Page 12 from the Roosevelt Development Group’s Design Review Recommendation presentation. Click the image to download the entire presentation (17 MB PDF)

The Roosevelt Development Group will be presenting their preferred project design (by Seattle architecture firm GGLO) for 6505 15th Avenue NE (Project #3013244) to the Northeast Design Review Board at tonight’s meeting.

Three different design schemes were presented during the early design guidance meeting on August 6, 2012. (You can find the notes from that meeting here.) Tonight’s recommendation phase design is the third of those three designs and features:

    • Approximately 221 dwelling units, in a mix of multi- and groun- level configurations;
    • 7,500-square-feet of ground-level commercial space;
    • 175 parking stalls, accessed from 14th Avenue NE;
    • Overall height of 7-stories (building heights ranging from 55 to 75 feet, depending on the slope of the property)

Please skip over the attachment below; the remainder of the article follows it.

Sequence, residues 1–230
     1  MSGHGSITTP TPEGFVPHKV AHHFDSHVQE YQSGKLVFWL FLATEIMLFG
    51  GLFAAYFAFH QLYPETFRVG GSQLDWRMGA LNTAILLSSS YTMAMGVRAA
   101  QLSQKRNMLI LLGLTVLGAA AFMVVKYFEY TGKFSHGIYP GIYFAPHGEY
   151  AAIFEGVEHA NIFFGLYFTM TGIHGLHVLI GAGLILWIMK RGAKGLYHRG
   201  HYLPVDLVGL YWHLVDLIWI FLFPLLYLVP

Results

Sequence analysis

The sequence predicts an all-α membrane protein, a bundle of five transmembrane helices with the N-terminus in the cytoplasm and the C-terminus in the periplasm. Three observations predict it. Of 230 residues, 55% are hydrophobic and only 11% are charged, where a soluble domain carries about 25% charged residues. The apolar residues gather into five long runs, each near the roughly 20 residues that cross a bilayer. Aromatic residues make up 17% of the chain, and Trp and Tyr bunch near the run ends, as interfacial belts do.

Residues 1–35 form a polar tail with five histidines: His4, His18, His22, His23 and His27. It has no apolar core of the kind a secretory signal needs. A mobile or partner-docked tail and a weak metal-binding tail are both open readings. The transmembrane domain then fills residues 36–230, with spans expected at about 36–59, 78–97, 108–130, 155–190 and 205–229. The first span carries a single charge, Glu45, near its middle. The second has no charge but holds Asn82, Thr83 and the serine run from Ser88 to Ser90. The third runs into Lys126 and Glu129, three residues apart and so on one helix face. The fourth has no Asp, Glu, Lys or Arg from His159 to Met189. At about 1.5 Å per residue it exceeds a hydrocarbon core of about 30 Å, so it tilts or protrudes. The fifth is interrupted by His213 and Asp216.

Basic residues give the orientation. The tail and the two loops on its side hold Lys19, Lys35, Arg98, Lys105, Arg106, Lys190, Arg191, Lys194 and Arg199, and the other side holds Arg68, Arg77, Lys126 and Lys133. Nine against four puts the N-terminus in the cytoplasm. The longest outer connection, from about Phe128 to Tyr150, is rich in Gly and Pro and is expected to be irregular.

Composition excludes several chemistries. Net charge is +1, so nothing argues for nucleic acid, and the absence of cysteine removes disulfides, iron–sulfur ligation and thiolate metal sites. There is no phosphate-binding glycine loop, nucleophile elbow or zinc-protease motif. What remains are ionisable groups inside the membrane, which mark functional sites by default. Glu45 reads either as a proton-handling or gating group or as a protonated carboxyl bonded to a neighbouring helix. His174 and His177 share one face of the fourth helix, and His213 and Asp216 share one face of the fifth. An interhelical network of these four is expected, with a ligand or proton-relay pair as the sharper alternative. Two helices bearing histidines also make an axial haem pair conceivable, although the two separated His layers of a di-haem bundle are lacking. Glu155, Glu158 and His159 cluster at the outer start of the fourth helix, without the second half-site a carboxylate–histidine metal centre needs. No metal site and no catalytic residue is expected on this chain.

Jim O’Halloran, past Roosevelt Neighborhood Association Land Use Chair, had this to say about tonight’s meeting and the current design plans:

“Now that a zoning decision for the high school blocks has been made, and that a reasonably attractive building has been designed for the site with some engagement from the Community, let’s get on with it; build the building.  If for any reason the project will be further delayed, then it is important that the existing decrepit building structures be removed without further delay.  Allowing this sore spot to fester without near term improvement would surely undermine RDG’s relationship with the Community.”

Upcoming Design Review Board meetings of note (LIVE COVERAGE)

Two large development projects on NE 65th Street may before the Northeast Design Review Board in the next three weeks: The old Children’s Home Society of Washington land up at 33rd Avenue NE (recently sold to Polygon Northwest), and the old Fruit Stand block at 15th Avenue NE (owned by Hugh Sisley and leased to the Roosevelt Development Group).

Northeast Design Review Board meetings are held at the University Heights Community Center (5031 University Way NE, Room #209). You can see all upcoming meetings (and the links to their respective project information) at this Design Review Meetings page at seattle.gov.